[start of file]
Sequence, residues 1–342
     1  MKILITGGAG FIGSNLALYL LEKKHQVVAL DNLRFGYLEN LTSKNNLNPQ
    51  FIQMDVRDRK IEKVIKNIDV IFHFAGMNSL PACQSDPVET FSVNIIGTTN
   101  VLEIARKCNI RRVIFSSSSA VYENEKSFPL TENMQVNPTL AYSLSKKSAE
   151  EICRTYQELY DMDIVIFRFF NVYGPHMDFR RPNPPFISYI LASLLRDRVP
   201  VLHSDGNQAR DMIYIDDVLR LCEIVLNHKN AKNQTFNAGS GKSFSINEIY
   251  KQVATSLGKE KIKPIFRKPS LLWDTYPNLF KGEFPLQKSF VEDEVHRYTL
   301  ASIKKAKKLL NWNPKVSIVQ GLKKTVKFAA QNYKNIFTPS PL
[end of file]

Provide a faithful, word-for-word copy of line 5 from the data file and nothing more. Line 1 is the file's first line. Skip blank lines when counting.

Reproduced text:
   151  EICRTYQELY DMDIVIFRFF NVYGPHMDFR RPNPPFISYI LASLLRDRVP